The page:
"There is a black sun which is not visible to the human eye. It is our beacon and its fire burns within us." -- Akkadian temple inscription



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Black Sun

Steven Kaye's irregularly updated blog

Well, it has been a while, hasn't it? I thought I'd break up some of the monotony with a discussion of librarians. One of my fond memories of library school was a teacher telling us all the famous people who have been librarians - Josef Stalin, Mao Tse-tung, and so on. Curiously, he focused on notorious dictators, but then, Casanova seems to have spent his time as a librarian complaining about the food and waiting to die, so that's understandable. And for those of you who are wondering, yes, we do learn more than just how to catalog books. Don't make me hurt you. I'm a special librarian, which doesn't mean that I'm the protagonist of an afterschool special, but rather that I'm not an academic or public librarian. This means that rather than depending on crotchety senior citizens or crotchety deans for funding, I depend on crotchety partners (I work for a consulting firm) who think everything can be found on the Net. But the pay is good and I get to play with neat toys like Bloomberg terminals. There's an interesting overview of corporate librarians at Factiva's site, and I'd also recommend this SLA (Special Libraries Association) article. Librarians still have serious image problems, and this goes for academic, corporate, public and other types of libraries. We're seen as humorless control freaks. The term 'librarian' has such a stigma that my official job title is 'Knowledge Management Specialist' - other euphemisms include 'information professional,' 'knowledge manager,' 'knowledge navigator' and 'corporate pathfinder.' Public libraries nationwide are facing budget cuts and are cutting back hours and services. Academic libraries, if a friend's impressions are any guide, are taking refuge behind a wall of 1980s business-speak to demonstrate their relevance. All libraries periodically worry about being outsourced. The average age of librarians has been increasing since the 1990s, suggesting that it's a less-desirable position for college graduates. In part, the "problem" is that library school graduates have a wider range of positions available to them than in the past - a friend of mine designed the intranet for a major automobile manufacturer, for example. The average starting salary for a librarian is in the low to mid 30s, last I checked. Academic libaries are apparently so white they can be seen from orbit (see the Diversity Issues paragraph of this article - I'd also check out the sections on internships and mentoring, for some discussion of solutions). We're doing cool things, from running George Lucas' film library to professional storytelling. Now we just need to make people outside the profession aware of the fact. To quote Erica Olsen's Librarian Avengers page: Librarians rule. And they will kick the crap out of anyone who says otherwise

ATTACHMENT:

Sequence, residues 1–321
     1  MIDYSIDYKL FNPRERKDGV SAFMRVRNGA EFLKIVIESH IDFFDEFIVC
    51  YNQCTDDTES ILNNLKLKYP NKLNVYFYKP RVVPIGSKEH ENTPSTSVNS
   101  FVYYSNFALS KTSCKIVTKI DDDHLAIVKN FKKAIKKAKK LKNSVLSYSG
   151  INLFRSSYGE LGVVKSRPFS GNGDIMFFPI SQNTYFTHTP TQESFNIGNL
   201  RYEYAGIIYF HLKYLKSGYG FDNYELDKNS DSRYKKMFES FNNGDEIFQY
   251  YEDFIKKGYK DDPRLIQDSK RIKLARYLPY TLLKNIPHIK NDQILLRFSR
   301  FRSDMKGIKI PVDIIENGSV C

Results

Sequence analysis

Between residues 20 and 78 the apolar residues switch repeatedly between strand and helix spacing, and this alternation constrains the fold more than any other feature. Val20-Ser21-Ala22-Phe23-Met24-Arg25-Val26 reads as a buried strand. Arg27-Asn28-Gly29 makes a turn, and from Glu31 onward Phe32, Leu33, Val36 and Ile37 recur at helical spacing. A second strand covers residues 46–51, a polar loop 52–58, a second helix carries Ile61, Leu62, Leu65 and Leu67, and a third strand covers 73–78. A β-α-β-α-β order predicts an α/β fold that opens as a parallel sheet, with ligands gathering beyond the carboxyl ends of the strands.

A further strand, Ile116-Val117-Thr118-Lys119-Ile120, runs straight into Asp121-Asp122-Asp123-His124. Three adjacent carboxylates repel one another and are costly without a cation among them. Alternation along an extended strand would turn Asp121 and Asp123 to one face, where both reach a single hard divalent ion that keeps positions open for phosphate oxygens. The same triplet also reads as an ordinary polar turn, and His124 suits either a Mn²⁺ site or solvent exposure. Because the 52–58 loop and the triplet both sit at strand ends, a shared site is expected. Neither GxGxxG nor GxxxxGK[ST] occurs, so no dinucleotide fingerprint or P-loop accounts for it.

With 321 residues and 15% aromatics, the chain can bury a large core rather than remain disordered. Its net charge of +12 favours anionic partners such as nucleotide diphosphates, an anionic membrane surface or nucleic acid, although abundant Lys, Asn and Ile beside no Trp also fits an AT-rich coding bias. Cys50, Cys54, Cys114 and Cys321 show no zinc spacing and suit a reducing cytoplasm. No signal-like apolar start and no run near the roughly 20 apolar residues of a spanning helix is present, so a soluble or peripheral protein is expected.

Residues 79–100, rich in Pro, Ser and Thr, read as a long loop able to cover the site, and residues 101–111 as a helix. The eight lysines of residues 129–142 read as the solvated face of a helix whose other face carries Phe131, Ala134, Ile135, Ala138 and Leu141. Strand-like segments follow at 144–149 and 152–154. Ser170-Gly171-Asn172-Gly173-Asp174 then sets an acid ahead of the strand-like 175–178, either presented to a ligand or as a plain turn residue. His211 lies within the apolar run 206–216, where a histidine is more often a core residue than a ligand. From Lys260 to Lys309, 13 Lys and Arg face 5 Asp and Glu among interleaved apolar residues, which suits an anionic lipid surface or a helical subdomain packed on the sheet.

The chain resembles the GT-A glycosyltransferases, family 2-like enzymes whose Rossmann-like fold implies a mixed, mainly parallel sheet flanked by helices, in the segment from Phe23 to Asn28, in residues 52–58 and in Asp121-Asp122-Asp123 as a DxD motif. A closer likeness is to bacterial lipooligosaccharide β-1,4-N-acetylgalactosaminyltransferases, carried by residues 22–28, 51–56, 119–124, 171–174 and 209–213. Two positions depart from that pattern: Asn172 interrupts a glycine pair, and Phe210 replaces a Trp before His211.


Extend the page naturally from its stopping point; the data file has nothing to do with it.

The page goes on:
© 2002, Steven Kaye